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headquarters military division West Mississippi, New Orleans, La., January 18, 1865.
sir: Your communication of the eighth instant, giving a detailed account of the highly successful expedition led by Brigadier-General Grierson, and which resulted in the complete interruption of the enemy's communications by the Mobile and Ohio and the Mississippi Central railroads, has been received.

The Major-General commanding desires to express to you his gratification at this glorious, and, I might say, almost unexpected success.

The expedition was planned and started under very great disadvantages, and with anything but promising prospects; and but for the high degree of skill, bravery and good conduct, which was evinced throughout, such magnificent results could never have been accomplished.

He desires me to convey to you, and through you to the officers and men composing this expedition, his warmest congratulations and thanks. We all feel that such blows are indeed deathblows to the rebellion.

I have the honor to be, sir, your obedient servant,

C. T. Christensen, Lieutenant-Colonel Assistant Adjutant-General. Major-General N. J. T. Dana, Commanding Department of Mississippi.

General Grierson's report.

headquarters cavalry division, Department of Mississippi, Memphis, Tennessee, January 14, 1865.
Colonel: In obedience to instructions from the Major-General commanding, I ordered Colonel James Karge, commanding First brigade cavalry division, to proceed, on the nineteenth of December, north-east from this point; cross Wolf river at Raleigh, demonstrate strongly toward the crossing of the Hatchie at Bolivar and Estenola; thence swinging south, destroy the telegraph between Grand Junction and Corinth, and join the main column, which was to move the following day at or near Ripley. Owing to heavy rains for several days, the roads were almost impassable, and, as a crossing of Wolf river could not be effected, Colonel Karge returned to Memphis.

On the morning of December twenty-one I moved with the effective force of my command, consisting of detachments of the Second New Jersey, Seventh Indiana, First Mississippi rifles, Fourth and Tenth Wisconsin, Third and Fourth Iowa, Second Wisconsin, Fourth and Eleventh Illinois, and Third United States colored cavalry, in all about three thousand five hundred men, organized into three brigades, and commanded respectively by Colonels Karge, Winslow, and Osband; also, company E, Second Iowa cavalry, numbering forty men, Lieutenant A. Sherer, commanding, as provost-guard and escort, and a pioneer corps of fifty negroes, commanded by Lieutenant Luvis, of the Seventh Indiana cavalry, without artillery or wagons, and with twenty days light rations carried on pack-mules.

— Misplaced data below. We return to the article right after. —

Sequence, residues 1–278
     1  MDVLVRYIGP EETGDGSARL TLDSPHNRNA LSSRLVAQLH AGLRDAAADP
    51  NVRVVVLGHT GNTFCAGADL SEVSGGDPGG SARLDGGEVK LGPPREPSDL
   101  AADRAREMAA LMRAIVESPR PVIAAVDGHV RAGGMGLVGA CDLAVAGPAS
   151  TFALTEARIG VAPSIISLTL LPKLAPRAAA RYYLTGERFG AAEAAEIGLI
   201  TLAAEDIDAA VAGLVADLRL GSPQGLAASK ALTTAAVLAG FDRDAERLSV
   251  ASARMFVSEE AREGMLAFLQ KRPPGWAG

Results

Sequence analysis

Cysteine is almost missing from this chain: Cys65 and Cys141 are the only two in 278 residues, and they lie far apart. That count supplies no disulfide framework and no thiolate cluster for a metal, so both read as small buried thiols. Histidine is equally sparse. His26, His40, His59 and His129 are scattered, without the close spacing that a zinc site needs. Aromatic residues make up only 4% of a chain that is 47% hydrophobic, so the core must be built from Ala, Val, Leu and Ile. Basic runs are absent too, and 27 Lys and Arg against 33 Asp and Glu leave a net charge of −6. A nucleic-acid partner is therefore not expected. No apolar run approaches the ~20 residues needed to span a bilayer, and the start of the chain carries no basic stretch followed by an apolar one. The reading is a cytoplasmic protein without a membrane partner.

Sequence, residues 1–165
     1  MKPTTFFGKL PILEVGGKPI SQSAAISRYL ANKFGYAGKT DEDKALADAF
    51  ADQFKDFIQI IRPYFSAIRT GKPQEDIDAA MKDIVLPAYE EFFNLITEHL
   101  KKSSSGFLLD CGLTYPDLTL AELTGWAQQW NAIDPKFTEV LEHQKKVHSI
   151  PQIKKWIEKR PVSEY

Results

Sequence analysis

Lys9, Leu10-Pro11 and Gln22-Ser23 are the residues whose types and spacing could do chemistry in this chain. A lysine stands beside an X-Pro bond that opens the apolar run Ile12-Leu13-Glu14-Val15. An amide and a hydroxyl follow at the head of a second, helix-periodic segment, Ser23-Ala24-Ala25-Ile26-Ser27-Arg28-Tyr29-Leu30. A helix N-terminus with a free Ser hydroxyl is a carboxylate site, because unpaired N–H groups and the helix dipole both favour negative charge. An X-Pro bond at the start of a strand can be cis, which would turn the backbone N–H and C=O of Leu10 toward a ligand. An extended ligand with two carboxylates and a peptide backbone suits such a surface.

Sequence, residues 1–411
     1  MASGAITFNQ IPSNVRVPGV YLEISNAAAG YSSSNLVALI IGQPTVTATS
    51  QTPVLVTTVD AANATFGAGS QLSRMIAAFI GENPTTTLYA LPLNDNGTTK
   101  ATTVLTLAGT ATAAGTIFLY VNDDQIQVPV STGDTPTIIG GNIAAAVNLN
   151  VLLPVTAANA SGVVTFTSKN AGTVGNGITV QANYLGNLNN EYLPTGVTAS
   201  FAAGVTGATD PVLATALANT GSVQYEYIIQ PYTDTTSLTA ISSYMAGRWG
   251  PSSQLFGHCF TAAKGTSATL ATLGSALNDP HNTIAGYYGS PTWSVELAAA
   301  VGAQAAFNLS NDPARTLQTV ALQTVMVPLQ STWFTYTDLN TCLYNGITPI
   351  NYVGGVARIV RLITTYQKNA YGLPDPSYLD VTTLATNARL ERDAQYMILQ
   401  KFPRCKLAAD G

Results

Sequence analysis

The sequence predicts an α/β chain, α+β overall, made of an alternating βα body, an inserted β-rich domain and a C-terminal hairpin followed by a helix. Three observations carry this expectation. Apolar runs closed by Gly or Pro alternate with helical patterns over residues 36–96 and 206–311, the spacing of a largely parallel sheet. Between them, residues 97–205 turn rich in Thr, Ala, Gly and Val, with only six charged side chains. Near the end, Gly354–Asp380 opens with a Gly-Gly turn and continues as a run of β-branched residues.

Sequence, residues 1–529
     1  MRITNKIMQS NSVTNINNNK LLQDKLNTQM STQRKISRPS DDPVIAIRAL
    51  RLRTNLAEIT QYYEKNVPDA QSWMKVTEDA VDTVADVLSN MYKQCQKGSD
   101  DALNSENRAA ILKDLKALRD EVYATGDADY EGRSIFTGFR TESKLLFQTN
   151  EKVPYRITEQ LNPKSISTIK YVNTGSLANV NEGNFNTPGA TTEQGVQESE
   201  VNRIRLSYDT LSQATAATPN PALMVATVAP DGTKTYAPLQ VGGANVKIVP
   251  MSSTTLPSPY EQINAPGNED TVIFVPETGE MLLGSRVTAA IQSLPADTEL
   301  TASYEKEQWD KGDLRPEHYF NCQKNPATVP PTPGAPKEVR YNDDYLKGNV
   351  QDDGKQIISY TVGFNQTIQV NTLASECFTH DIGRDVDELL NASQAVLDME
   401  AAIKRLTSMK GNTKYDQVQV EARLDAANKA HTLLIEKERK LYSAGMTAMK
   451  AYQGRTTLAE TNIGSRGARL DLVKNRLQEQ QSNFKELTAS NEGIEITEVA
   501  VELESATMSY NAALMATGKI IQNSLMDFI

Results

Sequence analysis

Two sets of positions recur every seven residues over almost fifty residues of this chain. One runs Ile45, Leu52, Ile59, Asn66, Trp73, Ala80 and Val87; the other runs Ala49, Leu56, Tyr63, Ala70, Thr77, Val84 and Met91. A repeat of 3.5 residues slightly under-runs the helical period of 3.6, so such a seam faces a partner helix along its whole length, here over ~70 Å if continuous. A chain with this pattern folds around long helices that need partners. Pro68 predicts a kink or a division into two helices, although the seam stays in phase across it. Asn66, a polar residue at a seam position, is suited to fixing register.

The whole command moved east, along the Memphis and Charleston railroad, threatening Corinth, to a point three miles west of Moscow, from thence south-east through Early Grove, Lamar, and Salem, to Ripley.

From Early Grove the Tenth Missouri cavalry, under Captain F. K. Neet, was sent to La Grange and Grand Junction, and destroyed the telegraph and stations at those points, rejoining the column near Salem. From Ripley a detachment of one hundred and fifty men of the Second New Jersey, under Major Van Rensselaer, was sent to destroy the Mobile and Ohio railroad and the telegraph at or near Boonville. At the same time the Fourth Illinois, under Captain A. F. Search, was sent to destroy the same road near Guntown. These detachments rejoined the main column, one at Ellistown, the other at Shannon's station, having destroyed four bridges, eight or ten culverts, several miles of the track and telegraph, and a large quantity of army supplies.

With the main column I moved on Tupelo. Upon arriving at Old Town creek, five miles north of Tupelo, hearing of the existence of a rebel camp and large quantity of army stores at Verona, I ordered Colonel Karge to leave his pack train and proceed rapidly toward that point, and if his information would justify it, to make a night attack upon the place. Our movements thus far had been rapid, and the indications were that the enemy had no knowledge of our presence, as our appearance was a complete surprise to citizens on the line of march.

When within two miles of Verona Colonel Karge struck the enemy's pickets. Notwithstanding the darkness of the night, his advance regiment, the Seventh Indiana, charged into the camp, dispersing the garrison, and destroying two trains, thirty-two cars, and eight warehouses filled with ordnance, commissary and quartermasters' stores; also two hundred army wagons, most of which were marked U. S., having been captured from General Sturgis in June last, and which were about being sent, loaded with supplies, to the army of General Hood. The bursting of shells which were contained in this immense depot continued until afternoon of the next day.

Colonel Karge fell back five miles to Harrisburg, and encamped with the balance of my command on the same night. I encamped be tween Old Town creek and Tupelo. From this point I sent the Eleventh Illinois, Lieutenant-Colonel Otto Funk, commanding, with the pioneer corps, to destroy the extensive railroad bridge over Old Town creek, and the track between that point and Tupelo. The night was very dark and rainy, notwithstanding which Lieutenant-Colonel Funk and his command responded to my orders with alacrity, and before morning had rendered the railroad from Old Town creek to Tupelo a complete wreck.

From this point I moved my entire command south along the railroad, destroying thoroughly to a point between Egypt and Prairie station,

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